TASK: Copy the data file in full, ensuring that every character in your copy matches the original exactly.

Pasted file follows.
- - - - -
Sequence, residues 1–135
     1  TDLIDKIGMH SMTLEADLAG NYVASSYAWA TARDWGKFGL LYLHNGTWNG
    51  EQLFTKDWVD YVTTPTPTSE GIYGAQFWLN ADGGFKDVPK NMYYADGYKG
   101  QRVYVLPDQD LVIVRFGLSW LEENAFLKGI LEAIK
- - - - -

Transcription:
Sequence, residues 1–135
     1  TDLIDKIGMH SMTLEADLAG NYVASSYAWA TARDWGKFGL LYLHNGTWNG
    51  EQLFTKDWVD YVTTPTPTSE GIYGAQFWLN ADGGFKDVPK NMYYADGYKG
   101  QRVYVLPDQD LVIVRFGLSW LEENAFLKGI LEAIK